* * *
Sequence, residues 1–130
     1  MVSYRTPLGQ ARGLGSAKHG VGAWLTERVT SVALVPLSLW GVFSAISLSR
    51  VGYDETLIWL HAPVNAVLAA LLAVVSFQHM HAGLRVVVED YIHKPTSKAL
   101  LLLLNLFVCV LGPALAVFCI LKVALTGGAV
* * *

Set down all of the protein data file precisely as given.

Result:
Sequence, residues 1–130
     1  MVSYRTPLGQ ARGLGSAKHG VGAWLTERVT SVALVPLSLW GVFSAISLSR
    51  VGYDETLIWL HAPVNAVLAA LLAVVSFQHM HAGLRVVVED YIHKPTSKAL
   101  LLLLNLFVCV LGPALAVFCI LKVALTGGAV